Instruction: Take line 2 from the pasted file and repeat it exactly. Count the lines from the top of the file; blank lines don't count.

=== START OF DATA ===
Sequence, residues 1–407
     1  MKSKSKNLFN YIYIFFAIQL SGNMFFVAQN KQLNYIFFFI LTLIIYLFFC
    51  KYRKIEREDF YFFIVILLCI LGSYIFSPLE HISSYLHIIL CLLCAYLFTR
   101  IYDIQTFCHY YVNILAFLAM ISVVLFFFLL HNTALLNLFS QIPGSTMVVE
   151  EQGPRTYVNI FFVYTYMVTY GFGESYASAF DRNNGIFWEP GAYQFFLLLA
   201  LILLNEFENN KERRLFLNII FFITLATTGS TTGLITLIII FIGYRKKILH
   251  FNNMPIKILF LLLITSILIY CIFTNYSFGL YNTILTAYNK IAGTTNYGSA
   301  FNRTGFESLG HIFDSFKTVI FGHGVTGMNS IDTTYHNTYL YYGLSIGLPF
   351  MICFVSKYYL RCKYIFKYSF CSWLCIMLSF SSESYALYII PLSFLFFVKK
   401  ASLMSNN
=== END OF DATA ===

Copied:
     1  MKSKSKNLFN YIYIFFAIQL SGNMFFVAQN KQLNYIFFFI LTLIIYLFFC